By Angela Pirisi
DENTISTS HAVE A lot to smile about these
days. They’re seeing fewer cavities in kids, and
more adults are keeping their teeth for life.
As the aging population grows, however,
it becomes a challenge to maintain a healthy
mouth for longer. Unfortunately, one-third of
adults age 65 years or older have untreated
cavities and just over 40 percent have gum
disease, reports the Centers for Disease
Control and Prevention. Things such as
receding gums and cracked or worn old fillings create opportunities for tooth decay.
Plus, older people often take multiple
medications, some of which can decrease
saliva. Saliva is vital for washing away food
debris, neutralizing acid from plaque and
keeping tooth and gum surfaces slippery wet
so sugar and bacteria can’t get a foothold.
Much like a car, a mouth can fall into disrepair with age, so it actually needs more
maintenance over time, explains Dr. Richard
Price, a spokesperson for the American
Dental Association (ADA). Luckily, the
options for taking care of your teeth and
gums across your life span are numerous. In
fact, says Price, “There are so many products
that you need a Ph.D. these days just to navigate the oral hygiene aisle in stores.” At the
end of the day, though, common sense and
diligence should prevail.
Choose a soft-bristled brush. “It should
sit comfortably in your hand and in your
mouth—just as you’d choose flatware. If it’s
comfortable to use, you’re going to use it
more,” says Price.
People with arthritis or other dexterity
problems may benefit from using an electric
toothbrush to remove plaque. Using soft bristles and brushing gently can also help to prevent sensitive teeth. A recent U.S. survey of
nearly 800 adults found that one in eight
people suffers from sensitive teeth. Causes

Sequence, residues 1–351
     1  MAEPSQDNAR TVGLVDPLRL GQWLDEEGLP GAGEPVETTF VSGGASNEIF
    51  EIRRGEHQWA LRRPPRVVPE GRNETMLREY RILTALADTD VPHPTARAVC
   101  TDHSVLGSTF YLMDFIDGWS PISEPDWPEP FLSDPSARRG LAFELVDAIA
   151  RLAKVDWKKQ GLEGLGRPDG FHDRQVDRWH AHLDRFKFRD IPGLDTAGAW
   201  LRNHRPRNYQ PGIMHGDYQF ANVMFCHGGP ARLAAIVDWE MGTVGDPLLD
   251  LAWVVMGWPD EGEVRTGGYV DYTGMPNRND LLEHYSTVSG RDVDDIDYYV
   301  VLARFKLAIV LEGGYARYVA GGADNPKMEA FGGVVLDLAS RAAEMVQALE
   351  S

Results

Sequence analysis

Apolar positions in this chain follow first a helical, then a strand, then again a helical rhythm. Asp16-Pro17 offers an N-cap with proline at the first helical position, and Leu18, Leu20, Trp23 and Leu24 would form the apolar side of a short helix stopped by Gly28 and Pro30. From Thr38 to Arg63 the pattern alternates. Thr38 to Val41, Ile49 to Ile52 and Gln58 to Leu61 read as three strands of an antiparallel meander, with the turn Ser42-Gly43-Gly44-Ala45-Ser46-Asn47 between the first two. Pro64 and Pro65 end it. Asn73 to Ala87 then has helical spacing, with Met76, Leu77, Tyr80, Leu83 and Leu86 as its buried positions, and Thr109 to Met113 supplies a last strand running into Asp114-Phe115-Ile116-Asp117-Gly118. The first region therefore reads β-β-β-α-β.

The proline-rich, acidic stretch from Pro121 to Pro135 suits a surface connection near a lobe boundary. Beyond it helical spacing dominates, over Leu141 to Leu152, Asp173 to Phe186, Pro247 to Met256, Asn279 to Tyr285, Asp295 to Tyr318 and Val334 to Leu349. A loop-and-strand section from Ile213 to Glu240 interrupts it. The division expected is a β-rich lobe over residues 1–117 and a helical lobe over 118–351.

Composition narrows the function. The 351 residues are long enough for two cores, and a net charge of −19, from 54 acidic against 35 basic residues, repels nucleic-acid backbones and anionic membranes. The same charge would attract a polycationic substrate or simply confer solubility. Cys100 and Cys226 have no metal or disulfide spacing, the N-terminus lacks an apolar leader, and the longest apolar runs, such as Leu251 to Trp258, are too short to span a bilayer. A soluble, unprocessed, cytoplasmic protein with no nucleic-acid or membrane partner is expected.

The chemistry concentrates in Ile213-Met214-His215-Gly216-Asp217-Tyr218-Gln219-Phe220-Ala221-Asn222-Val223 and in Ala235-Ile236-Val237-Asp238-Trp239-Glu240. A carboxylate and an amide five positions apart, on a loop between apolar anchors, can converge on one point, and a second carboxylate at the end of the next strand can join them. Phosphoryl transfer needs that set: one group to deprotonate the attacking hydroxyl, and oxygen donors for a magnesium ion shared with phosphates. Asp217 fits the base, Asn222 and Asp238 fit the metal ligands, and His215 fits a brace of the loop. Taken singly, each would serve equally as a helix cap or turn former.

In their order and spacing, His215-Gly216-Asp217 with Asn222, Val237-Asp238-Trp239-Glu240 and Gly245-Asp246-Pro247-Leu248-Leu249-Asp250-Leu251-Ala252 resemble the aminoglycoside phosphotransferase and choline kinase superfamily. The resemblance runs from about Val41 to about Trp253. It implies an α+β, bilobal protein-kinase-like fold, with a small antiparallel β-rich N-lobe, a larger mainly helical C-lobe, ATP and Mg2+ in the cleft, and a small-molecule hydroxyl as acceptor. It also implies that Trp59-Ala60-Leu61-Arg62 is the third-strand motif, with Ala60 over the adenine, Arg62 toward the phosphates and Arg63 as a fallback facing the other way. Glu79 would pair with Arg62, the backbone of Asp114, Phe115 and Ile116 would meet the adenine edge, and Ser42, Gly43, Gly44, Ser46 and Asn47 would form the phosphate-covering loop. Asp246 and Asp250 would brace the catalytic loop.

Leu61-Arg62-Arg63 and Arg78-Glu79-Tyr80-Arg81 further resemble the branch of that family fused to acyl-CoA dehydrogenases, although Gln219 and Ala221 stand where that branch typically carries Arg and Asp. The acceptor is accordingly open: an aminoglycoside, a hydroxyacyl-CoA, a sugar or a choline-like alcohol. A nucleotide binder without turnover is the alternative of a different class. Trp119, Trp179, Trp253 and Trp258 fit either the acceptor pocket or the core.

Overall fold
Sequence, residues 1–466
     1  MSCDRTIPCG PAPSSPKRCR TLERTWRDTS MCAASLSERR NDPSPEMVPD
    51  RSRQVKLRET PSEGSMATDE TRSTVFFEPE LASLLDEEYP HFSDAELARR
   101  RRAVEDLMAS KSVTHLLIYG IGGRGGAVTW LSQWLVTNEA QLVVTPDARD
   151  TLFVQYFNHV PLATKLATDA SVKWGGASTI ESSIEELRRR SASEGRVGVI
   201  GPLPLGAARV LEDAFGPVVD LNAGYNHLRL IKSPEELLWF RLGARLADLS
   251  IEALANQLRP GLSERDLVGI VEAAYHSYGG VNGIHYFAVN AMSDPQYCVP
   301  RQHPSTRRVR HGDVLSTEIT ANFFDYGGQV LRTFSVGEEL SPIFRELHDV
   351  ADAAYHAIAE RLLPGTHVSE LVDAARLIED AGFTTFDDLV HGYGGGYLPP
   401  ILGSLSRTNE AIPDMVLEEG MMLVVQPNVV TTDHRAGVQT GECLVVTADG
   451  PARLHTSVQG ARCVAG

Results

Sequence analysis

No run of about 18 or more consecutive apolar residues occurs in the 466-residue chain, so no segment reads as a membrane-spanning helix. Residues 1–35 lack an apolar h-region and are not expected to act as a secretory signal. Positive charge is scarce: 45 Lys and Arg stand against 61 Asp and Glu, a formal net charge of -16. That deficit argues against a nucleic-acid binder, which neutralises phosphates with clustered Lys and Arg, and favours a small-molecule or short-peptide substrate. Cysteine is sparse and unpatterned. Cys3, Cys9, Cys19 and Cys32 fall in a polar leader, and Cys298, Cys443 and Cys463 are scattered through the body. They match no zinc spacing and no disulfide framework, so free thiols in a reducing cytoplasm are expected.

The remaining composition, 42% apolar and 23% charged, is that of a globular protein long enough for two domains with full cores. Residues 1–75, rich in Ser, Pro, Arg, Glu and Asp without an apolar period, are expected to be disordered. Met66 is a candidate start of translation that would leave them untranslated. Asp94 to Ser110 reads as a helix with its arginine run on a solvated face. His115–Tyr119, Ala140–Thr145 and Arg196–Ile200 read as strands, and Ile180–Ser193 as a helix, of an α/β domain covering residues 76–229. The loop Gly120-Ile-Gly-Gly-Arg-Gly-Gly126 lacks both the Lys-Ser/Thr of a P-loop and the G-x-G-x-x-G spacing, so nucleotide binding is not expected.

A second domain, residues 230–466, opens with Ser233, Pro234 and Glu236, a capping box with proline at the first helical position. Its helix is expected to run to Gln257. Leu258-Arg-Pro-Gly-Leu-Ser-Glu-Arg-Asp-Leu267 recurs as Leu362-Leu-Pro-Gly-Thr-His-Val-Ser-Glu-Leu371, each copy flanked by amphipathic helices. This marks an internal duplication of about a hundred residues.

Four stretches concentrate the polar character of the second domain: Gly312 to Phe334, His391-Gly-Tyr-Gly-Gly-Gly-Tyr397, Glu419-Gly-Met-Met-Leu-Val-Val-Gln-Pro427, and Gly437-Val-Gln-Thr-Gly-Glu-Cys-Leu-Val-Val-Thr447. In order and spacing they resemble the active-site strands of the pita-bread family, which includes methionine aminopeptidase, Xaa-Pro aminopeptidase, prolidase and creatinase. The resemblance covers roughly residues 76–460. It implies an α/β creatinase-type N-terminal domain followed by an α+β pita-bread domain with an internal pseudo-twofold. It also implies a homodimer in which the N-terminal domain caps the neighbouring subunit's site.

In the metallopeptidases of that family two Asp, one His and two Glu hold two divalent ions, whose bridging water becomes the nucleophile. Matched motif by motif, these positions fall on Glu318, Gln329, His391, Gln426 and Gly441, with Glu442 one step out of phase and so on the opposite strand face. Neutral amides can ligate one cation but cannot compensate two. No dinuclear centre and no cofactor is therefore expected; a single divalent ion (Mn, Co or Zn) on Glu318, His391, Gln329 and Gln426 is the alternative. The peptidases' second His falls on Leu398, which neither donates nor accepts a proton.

included the dental enamel (the coating on
the tooth) or the cementum (the tissue at the
base of the tooth near the gum line) wearing
away and exposing the root. Price says that
people who do at-home whitening may
develop sensitive teeth too, but temporarily.
Stick with fluoride. These days, toothpaste
manufacturers make myriad claims for their
products: fighting cavities, removing stains,
preventing plaque buildup, freshening breath
and whitening teeth. The most important thing
is for your toothpaste to contain fluoride, says
Price. “Fluoride helps to fortify, or remineralize,
weakened tooth enamel and protect against
tooth decay,” he explains.
Also, check for the ADA Seal of Acceptance.
Products with the ADA Seal say what they do
and do what they say.
Floss—period. “You can’t vacuum a house
well without using attachments,” says Price.
That’s what flossing does—it helps you get into
all the tight corners and crevices to clean where
a toothbrush can’t reach.
The best kind of floss is whatever you like
enough to keep using regularly. Some people
prefer interdental cleaners and wooden dental
picks, while those with tightly spaced teeth
may need something that glides more easily.
Pre-threaded flossers may be easier to maneu-
ver than wrapping floss around your fingers.
Make mouthwash a maybe. Mouth
rinses can perform various functions, from
freshening your breath to protecting your
teeth and gums against plaque and cavities.
But basically they fall into two categories: cosmetic and therapeutic. Do you need one?
Not necessarily, says Price. Mouth rinses
finish off cleaning by rinsing out any missed
food debris, but they shouldn’t replace brushing or flossing. If you’re using a mouth rinse
to fight bad breath or tender gums on a regular basis, see your dentist about finding the
underlying cause, often a disease.
Chew sugarless gum. It can stimulate
saliva flow, which helps to remove some food
particles after eating. A dry mouth is a gilded
invitation to bacteria to come in and make
themselves at home. Some kinds of gum contain xylitol, a natural sweetener that fights
tooth decay. However, Price warns that if
you’re constantly chewing gum to tackle bad
breath or suffering from a dry mouth, get it
The take-home message, he says, isn’t
sexy—it’s simple, and the same thing dentists
have been drilling into our heads for years:
Brush twice a day with a fluoride toothpaste,
floss daily, eat a balanced diet and see your
dentist regularly. C
Angela Pirisi is a freelance writer who has
been covering health topics for more than
on oral health
The Costco Connection
Costco members will find items to help keep
their teeth and gums healthy, including manual and electronic toothbrushes, floss, toothpaste, mouthwash, sugarless gum—including
Orbit, Extra or 5 in the new pantry pack—and
more, at Costco and on Costco.com.
Tablet or smartphone?
Scan or click here for oral-health tips from the
American Dental Association.
(See page 5 for details.)
for your health